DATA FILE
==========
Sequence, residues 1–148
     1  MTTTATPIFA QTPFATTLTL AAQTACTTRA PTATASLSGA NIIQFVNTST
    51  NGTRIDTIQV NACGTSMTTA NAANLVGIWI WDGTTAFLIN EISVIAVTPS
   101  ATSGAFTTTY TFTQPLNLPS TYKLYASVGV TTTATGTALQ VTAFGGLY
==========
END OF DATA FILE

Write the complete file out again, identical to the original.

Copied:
Sequence, residues 1–148
     1  MTTTATPIFA QTPFATTLTL AAQTACTTRA PTATASLSGA NIIQFVNTST
    51  NGTRIDTIQV NACGTSMTTA NAANLVGIWI WDGTTAFLIN EISVIAVTPS
   101  ATSGAFTTTY TFTQPLNLPS TYKLYASVGV TTTATGTALQ VTAFGGLY